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Speakers At CES: From Mainstream To Exotic

From pulsating-sphere speakers to flat on-wall speakers and modestly priced home theater packages, speaker suppliers at CES targeted a range of prices and product niches to generate volume in a flat market.

Final Sound of Ede, Netherlands, demonstrated plasma-TV-friendly wall-hanging electrostatic speakers, which the company said were made practical by two innovations: the use of an outboard subwoofer to deliver low bass; and a central control unit that sits with other audio components and incorporates electrostatic circuitry and an AC power supply. A single cable carries 12-volt AC power and audio signal from the control unit to each speaker.

The products consist of a 48-inch tall model at a suggested $2,000/pair, a 28-inch model at $1,500/pair, a 25-inch-wide center channel at $999, and 200-watt subwoofer. Also: an 18-inch tall model at a suggested $1,000/pair and a new $10,000/pair model, complementing an existing $20,000/pair model. They come with satin-silver anodized frames.

Two other companies — Thiel and start-up Artison — also showed flat on-wall speakers.

Artison displayed plasma-friendly wall-hanging speakers that make a dedicated center channel unnecessary. The Incline Village, Nev.-based company, exhibiting at the Mirage, was founded by Infinity co-founder Cary Christie, who most recently designed Acoustic Research speakers.

Christie’s Portrait Home Theater System consists of flat, wall-hanging front and surround speakers and a powered sub. The design dispenses with a separate center-channel speaker, thanks to a dedicated tweeter/midrange combo in each LR speaker to place dialogue in the center of the screen. The tweeters are toed in and, like the left and right-channel tweeters, go out to 50kHz.

The front speakers retail for $1,500 each, and the surrounds go for $500 each. The 500-watt Bash-amplified sub retails for $1,099. Bracket kits are extra.

Thiel previewed a prototype on-wall speaker called ViewPoint, which uses much of the same technology appearing in the PowerPoint surface-mount loudspeaker and in-wall PowerPlane speakers, including coaxial driver mounting. The ViewPoint is planned for release later in 2003.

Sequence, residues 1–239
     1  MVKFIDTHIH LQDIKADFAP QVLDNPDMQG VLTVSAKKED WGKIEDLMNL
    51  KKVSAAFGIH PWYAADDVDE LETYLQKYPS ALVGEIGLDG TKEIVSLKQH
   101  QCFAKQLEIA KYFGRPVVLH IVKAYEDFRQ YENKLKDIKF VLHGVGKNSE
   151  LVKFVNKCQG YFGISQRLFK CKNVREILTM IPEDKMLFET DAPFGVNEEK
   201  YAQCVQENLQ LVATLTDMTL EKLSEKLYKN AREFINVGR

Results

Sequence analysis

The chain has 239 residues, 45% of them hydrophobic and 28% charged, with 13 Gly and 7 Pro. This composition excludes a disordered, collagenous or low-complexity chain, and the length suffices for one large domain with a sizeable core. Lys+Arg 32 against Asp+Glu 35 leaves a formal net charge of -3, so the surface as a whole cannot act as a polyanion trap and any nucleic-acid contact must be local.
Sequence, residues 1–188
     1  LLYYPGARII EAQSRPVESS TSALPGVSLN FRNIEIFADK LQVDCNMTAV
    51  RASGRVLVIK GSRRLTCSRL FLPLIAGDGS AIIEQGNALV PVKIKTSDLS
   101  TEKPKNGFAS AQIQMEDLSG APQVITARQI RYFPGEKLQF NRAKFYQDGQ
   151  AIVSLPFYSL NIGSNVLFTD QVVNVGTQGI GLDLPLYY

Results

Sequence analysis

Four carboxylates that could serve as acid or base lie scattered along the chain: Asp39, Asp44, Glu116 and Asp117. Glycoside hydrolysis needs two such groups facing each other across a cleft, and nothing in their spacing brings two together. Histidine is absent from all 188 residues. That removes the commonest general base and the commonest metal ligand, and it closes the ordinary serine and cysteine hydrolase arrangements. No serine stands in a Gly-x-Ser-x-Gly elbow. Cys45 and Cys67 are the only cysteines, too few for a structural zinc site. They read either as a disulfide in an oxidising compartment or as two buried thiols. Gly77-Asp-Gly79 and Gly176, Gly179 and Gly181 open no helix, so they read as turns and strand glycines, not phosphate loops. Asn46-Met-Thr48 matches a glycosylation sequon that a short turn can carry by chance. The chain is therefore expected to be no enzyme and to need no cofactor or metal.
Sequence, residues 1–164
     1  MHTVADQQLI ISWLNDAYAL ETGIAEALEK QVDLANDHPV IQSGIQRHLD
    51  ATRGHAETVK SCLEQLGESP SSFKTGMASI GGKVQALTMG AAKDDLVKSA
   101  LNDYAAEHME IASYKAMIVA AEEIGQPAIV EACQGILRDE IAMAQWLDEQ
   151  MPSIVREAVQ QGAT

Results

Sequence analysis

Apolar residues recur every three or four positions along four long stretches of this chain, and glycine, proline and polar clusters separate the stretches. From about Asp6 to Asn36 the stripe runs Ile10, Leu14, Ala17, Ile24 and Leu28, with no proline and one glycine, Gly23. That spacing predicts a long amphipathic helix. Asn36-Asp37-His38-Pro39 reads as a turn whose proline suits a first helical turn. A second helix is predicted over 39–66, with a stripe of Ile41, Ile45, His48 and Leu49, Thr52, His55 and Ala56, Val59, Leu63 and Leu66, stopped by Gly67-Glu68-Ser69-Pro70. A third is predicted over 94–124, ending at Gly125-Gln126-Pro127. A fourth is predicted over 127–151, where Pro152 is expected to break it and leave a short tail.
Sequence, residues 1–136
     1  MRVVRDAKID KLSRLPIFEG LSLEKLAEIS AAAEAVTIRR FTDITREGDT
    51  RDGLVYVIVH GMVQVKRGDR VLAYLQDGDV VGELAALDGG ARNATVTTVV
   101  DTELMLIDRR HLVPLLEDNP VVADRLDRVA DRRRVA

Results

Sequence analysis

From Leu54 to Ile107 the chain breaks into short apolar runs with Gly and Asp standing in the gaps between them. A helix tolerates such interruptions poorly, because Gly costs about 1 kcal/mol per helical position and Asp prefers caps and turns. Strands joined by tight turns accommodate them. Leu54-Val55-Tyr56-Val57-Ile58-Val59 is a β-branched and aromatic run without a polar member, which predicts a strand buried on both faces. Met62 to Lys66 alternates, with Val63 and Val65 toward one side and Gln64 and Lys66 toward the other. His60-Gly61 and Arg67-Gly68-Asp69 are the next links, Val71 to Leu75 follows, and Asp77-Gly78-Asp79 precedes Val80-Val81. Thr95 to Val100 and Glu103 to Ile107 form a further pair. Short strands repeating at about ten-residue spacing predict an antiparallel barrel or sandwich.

In more exotic speakers, Artistic Audio’s $2,399/pair Mobius is said to emulate a pulsating sphere with sound radiating in all directions, as it does in a live concert. Each floor-standing model consists of two 8-inch dome midbass drivers mounted back-to-back in bipolar configuration, with a 1-inch silk-dome tweeter mounted in front of each. Each tower also houses an 8-inch side-firing subwoofer.

Blue Springs, Mo.-based Artistic plans bookshelf and ceiling-mounted versions.

More Mainstream: Less exotic, yet still sophisticated, designs came from Intelligent Audio, Thiel, KEF, Proficient Audio Systems and MB Quart.

Intelligent Audio’s IA-643 powered subwoofer incorporates technology that enables the system’s crossover and equalization to adjust automatically to a room’s acoustics. It incorporates four 12-inch woofers and a 2,000-watt amp. Pricing was unavailable.

Quart’s new seven-speaker Vera series uses furniture-grade cabinetry with curved walls, D’Appolito driver arrays for good dispersion, 3-inch voice-coil formers for high power handling. The series consists of a tower, two bookshelfs, a center channel, and a powered sub. Pricing was unavailable.

Thiel’s newest Coherent Source speaker, the CS2.4, is a three-way, floor-standing speaker system at a suggested $3,900/pair. It features an improved coincident tweeter/midrange driver array in which the two drivers’ diaphragms share the same voice coil. The design uses a mechanical crossover between the midrange and tweeter diaphragms to eliminate the usual electrical crossover network. As a result, said designer Jim Thiel, “We can achieve a level of performance normally reserved for higher priced speakers.” The design was first used in the CS2.3.

The mechanical crossover also contributes to improved phase coherence and uniform frequency response.

Proficient’s AW500TT outdoor speaker features dual-voice-coil woofer and twin pivoting tweeters to deliver uniform stereo dispersion from a single speaker throughout the listening area. It retails for $225 each.

For its part, KEF added a dedicated dipole surround to its high-end Reference series at a suggested $6,000/pair. The 206DS features extended frequency response to 55kHz, boundary compensation circuitry, and Uni-Q point-source concentric woofer and tweeter.

Other new speakers are coming from B&W, Polk, Mission, and MTX. Here’s what they’re offering:

B&W: A pair of powered subs both feature 1000-watt amps. The $2,200 ASW800 comes with 12-inch driver. The $3,000 ASW850 comes with 15-inch driver. Details were unavailable.

Mission: For its 25th anniversary, the company plans two special edition versions of its 780 compact monitor and 782 tower. Enhancements include a new microfiber dome tweeter and midrange and woofer drivers using over-cured ceramic material to improve the stiffness to mass ratio, yielding improved clarity, smoothness and transient response, the company said. Pricing and availability weren’t available at press time.

MTX: Mitek’s first MTX-brand home theater speaker package, the $249-suggested HTB1, features four two-way satellites with 0.5-inch tweeter and 3-inch woofer, a single-tweeter/dual-woofer center channel, and compact 50-watt 8-inch subwoofer.

Among a quartet of new powered subs, the MTX brand is offering a model with 250-watt Class D amplification. The subs retail for a suggested $249, $399, $499, and $749.